Third-Party Cases in Addition to Worker’s Compensation
If parties other than your employer may have been responsible for the accident, you may be able to sue such parties and not be barred by Worker’s Comp.
A few other examples would be where your injury was caused by a dangerous or defective machine or another person not employed by your company.
These are called “third-party” claims, and victims are allowed to pursue Worker’s Compensation and third-party cases simultaneously.
Subrogation or Payback of Comp Benefits
It is noteworthy that Workers’ Compensation in Texas includes statutory subrogation claims. Victims often must repay workers’ compensation out of third-party compensation in personal injury cases. In short, if you get comp benefits and win damages from a third party, your lawyer will need to pay worker’s compensation back.
Damages are More Generous with Third-Party Cases
Damages and Workers’ Compensation claims are extremely limited and defined by statute. Damages in personal injury cases are much different in that damages are generally determined in an agreed settlement or by a jury.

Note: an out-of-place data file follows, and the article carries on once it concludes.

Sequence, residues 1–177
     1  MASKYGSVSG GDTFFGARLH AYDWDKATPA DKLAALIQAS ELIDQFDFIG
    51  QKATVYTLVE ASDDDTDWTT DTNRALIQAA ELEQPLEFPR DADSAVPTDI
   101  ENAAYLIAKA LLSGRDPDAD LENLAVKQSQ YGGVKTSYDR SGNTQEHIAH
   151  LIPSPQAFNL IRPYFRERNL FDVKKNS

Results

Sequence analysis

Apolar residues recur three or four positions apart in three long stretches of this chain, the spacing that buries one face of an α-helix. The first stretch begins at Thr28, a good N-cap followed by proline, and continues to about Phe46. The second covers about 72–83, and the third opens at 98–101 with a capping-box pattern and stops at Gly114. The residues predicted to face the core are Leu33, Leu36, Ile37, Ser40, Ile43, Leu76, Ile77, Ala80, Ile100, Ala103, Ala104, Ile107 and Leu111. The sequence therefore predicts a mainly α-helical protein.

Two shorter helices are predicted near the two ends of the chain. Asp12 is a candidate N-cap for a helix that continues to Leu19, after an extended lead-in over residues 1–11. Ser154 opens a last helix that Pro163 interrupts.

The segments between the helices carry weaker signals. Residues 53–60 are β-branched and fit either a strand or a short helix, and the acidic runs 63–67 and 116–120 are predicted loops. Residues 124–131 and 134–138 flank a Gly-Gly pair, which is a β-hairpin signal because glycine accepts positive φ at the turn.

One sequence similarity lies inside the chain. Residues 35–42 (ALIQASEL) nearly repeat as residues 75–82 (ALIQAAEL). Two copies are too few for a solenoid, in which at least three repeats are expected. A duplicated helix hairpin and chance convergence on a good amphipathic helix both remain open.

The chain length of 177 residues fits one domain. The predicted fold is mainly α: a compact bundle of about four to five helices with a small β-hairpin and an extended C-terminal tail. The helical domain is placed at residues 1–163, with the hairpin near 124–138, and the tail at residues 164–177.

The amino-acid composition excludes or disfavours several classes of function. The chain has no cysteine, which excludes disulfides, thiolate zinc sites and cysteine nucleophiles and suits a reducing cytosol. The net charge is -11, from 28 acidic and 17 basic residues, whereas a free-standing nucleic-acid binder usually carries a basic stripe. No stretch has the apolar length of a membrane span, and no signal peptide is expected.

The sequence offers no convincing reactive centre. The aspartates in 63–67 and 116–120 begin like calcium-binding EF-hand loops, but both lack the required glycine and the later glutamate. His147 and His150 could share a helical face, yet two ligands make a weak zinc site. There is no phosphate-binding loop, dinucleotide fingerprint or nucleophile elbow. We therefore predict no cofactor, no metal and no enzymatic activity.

Personal injury damages include such things as:
* Physical pain
* Mental anguish
* Medical expenses
* Lost wages.
Individuals seriously injured on the job should inquire about the Worker’s Compensation situation with their employer.
Also, consider speaking to a personal injury attorney in Houston regarding whether a third-party claim against others may be possible if you believe another (other than your employer) person or company was at fault.
Contact a Leading Personal Injury Lawyer in Texas
If you’ve been injured on the job in Houston and would like to speak with an attorney about a potential third-party claim, contact us at the Baumgartner Law Firm Personal Injury Lawyers for a no-obligation consultation regarding your rights and options.
Our goal is to maximize in-pocket compensation for you. While we do not handle workers comp claims, we have been extremely successful with 3rd party lawsuits.
Ask us about our no-fee promise – you will pay us no fee unless we win your case.
Call (281) 587-1111 or Request a Consultation!